The source added that FTX and its executives have also boosted the high-end real estate market in western New Providence via the purchase of high-end homes, which may now all have to be placed back on the market at the same time, thus impacting prices. “FTX was the linchpin of the strategy to grow the digital assets economy and it has just collapsed,” they added.
Mr Bowe, though, said the most critical aspect for The Bahamas is that the DARE Act’s integrity - and that of the wider regulatory regime and digital assets business strategy - remains intact. “While they were the first to be attracted to the jurisdiction as a result of the legislation, that was really hoping it would be the catalyst for more players to come,” he told Tribune Business of FTX.
Pointing to last week’s announcement by OKX, another crypto currency exchange, that it has become licensed and registered with the Securities Commission under the DARE Act, Mr Bowe added: “Equally I would hope that the intent of the Government with the digital assets strategy is that it is not pegging our hopes on one particular institution.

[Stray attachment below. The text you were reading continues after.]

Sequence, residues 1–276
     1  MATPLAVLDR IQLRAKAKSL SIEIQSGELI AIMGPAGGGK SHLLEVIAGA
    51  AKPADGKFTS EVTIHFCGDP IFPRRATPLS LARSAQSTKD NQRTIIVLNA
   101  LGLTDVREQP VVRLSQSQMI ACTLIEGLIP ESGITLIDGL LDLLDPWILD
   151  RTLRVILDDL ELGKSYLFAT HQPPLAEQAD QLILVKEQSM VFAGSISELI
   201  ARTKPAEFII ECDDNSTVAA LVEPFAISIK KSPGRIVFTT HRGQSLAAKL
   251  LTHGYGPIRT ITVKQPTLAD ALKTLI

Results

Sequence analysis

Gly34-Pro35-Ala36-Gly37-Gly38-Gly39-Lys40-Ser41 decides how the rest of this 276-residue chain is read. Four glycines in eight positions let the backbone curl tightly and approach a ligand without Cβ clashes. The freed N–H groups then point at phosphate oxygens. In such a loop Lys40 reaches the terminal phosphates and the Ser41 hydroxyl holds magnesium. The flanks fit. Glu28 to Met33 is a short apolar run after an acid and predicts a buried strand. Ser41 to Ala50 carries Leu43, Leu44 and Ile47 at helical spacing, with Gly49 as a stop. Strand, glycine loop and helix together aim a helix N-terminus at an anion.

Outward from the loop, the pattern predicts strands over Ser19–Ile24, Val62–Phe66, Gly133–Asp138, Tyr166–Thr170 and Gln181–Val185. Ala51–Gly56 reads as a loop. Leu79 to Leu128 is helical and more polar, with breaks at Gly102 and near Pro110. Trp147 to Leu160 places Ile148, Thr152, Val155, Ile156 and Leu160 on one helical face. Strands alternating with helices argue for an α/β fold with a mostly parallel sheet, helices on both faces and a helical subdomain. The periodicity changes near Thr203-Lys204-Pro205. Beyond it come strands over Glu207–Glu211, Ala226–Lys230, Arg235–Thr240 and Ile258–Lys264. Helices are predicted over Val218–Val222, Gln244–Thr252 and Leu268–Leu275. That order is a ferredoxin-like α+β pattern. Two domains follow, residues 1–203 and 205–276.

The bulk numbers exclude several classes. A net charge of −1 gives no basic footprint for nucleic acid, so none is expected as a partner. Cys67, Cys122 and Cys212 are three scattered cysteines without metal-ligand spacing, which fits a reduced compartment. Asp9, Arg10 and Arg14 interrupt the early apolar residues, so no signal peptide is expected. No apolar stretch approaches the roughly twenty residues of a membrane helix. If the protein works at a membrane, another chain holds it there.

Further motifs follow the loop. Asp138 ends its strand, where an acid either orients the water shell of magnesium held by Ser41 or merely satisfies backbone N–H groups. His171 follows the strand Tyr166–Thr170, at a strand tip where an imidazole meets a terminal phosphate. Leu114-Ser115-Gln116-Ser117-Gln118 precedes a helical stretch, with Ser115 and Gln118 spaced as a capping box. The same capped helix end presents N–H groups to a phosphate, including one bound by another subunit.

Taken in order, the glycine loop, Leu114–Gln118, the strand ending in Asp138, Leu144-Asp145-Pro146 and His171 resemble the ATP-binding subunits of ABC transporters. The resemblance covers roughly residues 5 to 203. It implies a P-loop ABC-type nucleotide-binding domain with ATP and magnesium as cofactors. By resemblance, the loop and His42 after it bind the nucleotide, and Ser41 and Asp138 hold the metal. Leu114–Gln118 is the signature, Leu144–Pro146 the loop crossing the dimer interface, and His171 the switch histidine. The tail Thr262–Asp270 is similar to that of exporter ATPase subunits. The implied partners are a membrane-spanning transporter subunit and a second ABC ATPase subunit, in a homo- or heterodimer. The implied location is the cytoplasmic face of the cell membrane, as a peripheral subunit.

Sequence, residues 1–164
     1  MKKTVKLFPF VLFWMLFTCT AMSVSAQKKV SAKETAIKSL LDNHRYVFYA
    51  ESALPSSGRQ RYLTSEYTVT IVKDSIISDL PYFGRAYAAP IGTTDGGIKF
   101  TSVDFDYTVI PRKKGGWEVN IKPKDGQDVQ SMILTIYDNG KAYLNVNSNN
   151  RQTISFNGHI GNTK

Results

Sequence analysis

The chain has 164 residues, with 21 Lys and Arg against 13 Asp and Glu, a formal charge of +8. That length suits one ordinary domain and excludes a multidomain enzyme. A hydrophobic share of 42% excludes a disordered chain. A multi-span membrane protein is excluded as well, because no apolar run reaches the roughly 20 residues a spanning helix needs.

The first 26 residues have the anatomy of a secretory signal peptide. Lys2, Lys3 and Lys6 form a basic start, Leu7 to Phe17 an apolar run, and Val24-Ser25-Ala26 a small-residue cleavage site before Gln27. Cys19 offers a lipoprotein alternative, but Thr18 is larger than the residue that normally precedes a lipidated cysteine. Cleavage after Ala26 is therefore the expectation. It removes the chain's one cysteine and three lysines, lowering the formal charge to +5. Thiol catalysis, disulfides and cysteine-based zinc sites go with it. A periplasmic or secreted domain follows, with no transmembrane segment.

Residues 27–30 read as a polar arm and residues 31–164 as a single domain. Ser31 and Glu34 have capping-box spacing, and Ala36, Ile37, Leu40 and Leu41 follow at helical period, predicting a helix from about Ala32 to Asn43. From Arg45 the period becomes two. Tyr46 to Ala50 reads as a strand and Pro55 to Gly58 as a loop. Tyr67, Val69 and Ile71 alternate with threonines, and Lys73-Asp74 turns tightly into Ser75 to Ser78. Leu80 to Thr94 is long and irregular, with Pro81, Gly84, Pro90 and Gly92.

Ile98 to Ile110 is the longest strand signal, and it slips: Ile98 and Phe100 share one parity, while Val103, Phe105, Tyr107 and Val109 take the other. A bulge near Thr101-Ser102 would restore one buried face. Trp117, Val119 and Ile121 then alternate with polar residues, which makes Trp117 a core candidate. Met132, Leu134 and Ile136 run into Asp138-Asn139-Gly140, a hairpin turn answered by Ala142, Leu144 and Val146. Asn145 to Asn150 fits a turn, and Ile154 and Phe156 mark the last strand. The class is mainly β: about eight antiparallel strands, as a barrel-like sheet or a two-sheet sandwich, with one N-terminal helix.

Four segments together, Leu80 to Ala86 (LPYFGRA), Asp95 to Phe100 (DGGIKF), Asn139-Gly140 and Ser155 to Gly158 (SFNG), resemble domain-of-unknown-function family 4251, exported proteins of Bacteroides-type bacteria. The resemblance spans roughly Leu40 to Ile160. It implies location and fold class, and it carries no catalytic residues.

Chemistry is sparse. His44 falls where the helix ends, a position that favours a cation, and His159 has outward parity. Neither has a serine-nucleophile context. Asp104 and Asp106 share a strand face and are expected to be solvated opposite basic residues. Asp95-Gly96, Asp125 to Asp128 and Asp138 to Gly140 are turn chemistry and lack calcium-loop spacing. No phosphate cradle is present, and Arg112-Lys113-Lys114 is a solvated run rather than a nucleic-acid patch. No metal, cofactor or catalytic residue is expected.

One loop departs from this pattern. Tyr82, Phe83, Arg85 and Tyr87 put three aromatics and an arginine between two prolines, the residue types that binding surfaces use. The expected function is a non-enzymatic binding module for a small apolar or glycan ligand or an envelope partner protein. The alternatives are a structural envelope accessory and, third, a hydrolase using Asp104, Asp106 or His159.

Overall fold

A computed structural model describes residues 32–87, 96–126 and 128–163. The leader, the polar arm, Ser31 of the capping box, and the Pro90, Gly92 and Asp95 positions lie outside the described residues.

“As a jurisdiction, our focus is: Were the activities that were regulated under scrutiny? The answer is ‘no’, which means the legislation and regulatory regime held up well.” The Fidelity Bank (Bahamas) chief also warned against becoming carried away over what the potential sale may mean for FTX’s Bahamas plans.
“We need to pause,” he argued. “We have this news but it could mean a whole number of things. Binance is an exchange and maybe it’s interested in registering under the DARE Act and registering in The Bahamas. FTX has been quite busy in terms of all the impacts they seem to have had by contributing to the local economy, but we don’t know if these elements will be unravelled.
“At the end of the day there’s a lot more to be understood, and until we understand we in The Bahamas should keep our powder dry. The reality is we will have players come in, players come out, and the hope is that our regulatory authorities will allow them to thrive and operate in a well-regulated environment. So far nothing has indicated to the contrary.”